Power Naps

The President Of the Philippines, Rodrigo Duterte, has come under fire recently for his behavior during the Association for South East Asian Nations summit.  Duterte is a controversial figure for a lot of reasons, but the latest kerfuffle arises from his decision to skip some of the ASEAN meetings and take a “power nap” instead.

When he was questioned about it, the 73-year-old Duterte responded:  “What’s wrong with my nap?”

That’s an entirely valid question in my book. ASEAN meetings probably aren’t the most thrilling events, and not every meeting with a group of world leaders is a life and death occasion.  Is it really so bad if a world leader plops on a couch and dozes off now and then? I don’t know if President Trump enjoys a refreshing afternoon siesta, but if he doesn’t I think it couldn’t hurt if he adopted that practice.  He’d probably feel better about catching up on some shut-eye, and we might even avoid a few of those ill-advised tweets as a result.

Many of us of a certain age brought towels to our full-day kindergarten and, when the teacher told us to roll them out on the floor after lunch, we stretched out and took a short nap on command.  I don’t know about you, but I really liked kindergarten, and I think the afternoon nap probably had something to do with it.  Unfortunately, we don’t continue with the nap as part of the school routine post-kindergarten, and we certainly don’t build it into the average American workday — as opposed to Latin countries, where the siesta is a key part of the culture, is perfectly timed to coincide with the lull in human biorhythms, and allows for recharge and replenishment.

So President Duterte missed a few meetings?  So what?  ASEAN will soldier along somehow, despite his brief absence, and as long as he didn’t oversleep to the point of grogginess I bet he felt a lot better — and was a lot easier to deal with — after he woke up, stretched, appreciated his chance to rest, and moved forward with his day.

I repeat:  What’s wrong with a nap?

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Grammar 101

Trinity Episcopal Church, at the corner of Broad and Third Streets in downtown Columbus, has a cool arched red entrance and a welcoming message for all just above its two front doors. But . . . “An House of Prayer”?

It violates one of the rules of grammar that were drilled into students back in grade school — namely, that you use “an” when the following word starts with a vowel sound and “a” when the following word starts with a consonant sound. It’s one of the many weird English grammar rules that trip people up precisely because of letters like h, which can be pronounced in some cases and silent in others — so you write “an honor” but “a house.”

So how did the friendly message above the front door at Trinity get bungled? I don’t know, but I may have to go inside to see whether there are violations of other key rules, like “I before E, except after C, or where sounded in A as in ‘neighbor’ or ‘weigh.'”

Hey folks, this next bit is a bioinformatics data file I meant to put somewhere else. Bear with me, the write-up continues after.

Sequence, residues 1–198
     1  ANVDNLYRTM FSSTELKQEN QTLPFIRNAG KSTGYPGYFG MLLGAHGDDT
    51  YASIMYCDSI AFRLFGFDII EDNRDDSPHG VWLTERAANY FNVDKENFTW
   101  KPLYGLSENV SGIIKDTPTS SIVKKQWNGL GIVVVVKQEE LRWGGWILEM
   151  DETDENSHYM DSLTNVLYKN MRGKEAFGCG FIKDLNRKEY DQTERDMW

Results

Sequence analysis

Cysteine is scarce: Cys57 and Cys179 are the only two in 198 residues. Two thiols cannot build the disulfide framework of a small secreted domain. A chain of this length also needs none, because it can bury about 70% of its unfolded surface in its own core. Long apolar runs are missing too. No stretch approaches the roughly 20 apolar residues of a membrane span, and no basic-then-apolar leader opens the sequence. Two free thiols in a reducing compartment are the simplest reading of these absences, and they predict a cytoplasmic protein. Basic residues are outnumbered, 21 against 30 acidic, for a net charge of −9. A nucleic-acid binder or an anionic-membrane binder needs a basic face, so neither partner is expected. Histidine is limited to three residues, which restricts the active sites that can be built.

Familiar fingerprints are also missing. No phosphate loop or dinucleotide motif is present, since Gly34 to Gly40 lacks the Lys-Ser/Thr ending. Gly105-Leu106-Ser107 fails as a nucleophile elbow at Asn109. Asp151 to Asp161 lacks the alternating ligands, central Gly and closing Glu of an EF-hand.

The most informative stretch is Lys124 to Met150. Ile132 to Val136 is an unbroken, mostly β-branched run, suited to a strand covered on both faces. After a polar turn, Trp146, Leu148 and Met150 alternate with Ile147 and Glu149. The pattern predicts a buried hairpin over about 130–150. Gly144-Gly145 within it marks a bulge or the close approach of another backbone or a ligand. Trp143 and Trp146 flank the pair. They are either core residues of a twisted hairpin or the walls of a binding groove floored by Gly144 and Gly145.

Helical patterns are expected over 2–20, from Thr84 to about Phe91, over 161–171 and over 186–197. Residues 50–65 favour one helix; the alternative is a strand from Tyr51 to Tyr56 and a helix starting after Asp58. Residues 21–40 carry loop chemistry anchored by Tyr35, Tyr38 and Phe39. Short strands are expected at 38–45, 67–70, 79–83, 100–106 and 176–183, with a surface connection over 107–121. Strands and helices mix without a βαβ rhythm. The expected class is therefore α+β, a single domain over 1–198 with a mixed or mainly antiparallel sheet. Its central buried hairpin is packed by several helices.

Overweight Ohio

Some entity I’ve never heard of came out with their list of the fattest states in America.  Of course, I checked to see where Ohio ranked, and found that we’re at number 12 on the portly parade — not quite cracking the Top Ten of Tubbiness, but definitely up there farther than we want to be.

3672977397_af1d0d37ac_zAn outfit called WalletHub (has anybody heard of these guys?) supposedly looked at three factors — “obesity and overweight prevalence, health consequences and food and fitness” — to determine their rankings.  By their analysis, Mississippi, West Virginia, and Arkansas rank 1, 2, and 3 in overall corpulence, whereas Colorado, Utah, and Hawaii, respectively, are the top three at the slender end of the spectrum.  And notwithstanding all of the lobbying fat cats who prowl the halls of Congress, the District of Columbia is found to be one of the slimmest jurisdictions in the U.S.

I’m always skeptical of these kinds of rankings of states, but the news stories never get into the details of how they are developed that would allow proper analysis.  Precisely how was the “obesity and overweight prevalence” factor in this study determined?  Is there some kind of secret federal blubber database that was consulted?  And does food and fitness just look at the availability of food and workout facilities, or the kind of food that is consumed, or the use of restaurants and fitness outlets, or something else?  How in the world would you determine, for example, that Ohio is marginally fatter than That State Up North?

All that said, it’s clear that Ohio has work to do.  We don’t want to crack the Top Ten on the State Stoutness Scale and be known as Obese Ohio.  It’s time to put down those delectable Buckeye candies, push back from the kitchen table, hop on the elliptical or the bike, break out the weights, and start turning blubbery Buckeyes into buff Buckeyes.

That Extra Hour

I woke up this morning, looked at the clock, and then realized with a bright surge of delight that we had “fallen back” an hour overnight.  So I rolled over and enjoyed a pleasant doze and some rambling dreams to commemorate the occasion.

img_7460After getting up, I made a fine cup of coffee and continued the celebration by walking around the house, changing the settings on all of the clocks that aren’t “smart” — which means pretty much every clock in our house except the ones on our cellphones and the computer — and relished rolling them back an hour.  I punched the new time into the clock on the microwave, and rewound the old-fashioned art deco clocks at our bedsides.  It’s all part of the ritual, as important to the proper observance of the time change as any aspect of any religious service.  Some people recite the Rosary, some people sing the Doxology, I happily engage in the Liturgy of the Extra Hour.

Because getting an extra hour on a Sunday that dawns bright and crisp and clear and full of possibilities is truly a cause of rejoicing.

Skinny Cans

Kish went out to the grocery store the other day and came back with some Diet Coke — but it doesn’t look like any Diet Coke I’ve ever seen before.  This version is packaged in much taller and skinnier cans than were previously used.  The cans are almost as tall as your standard bottle of bottled water and about a third skinnier in diameter.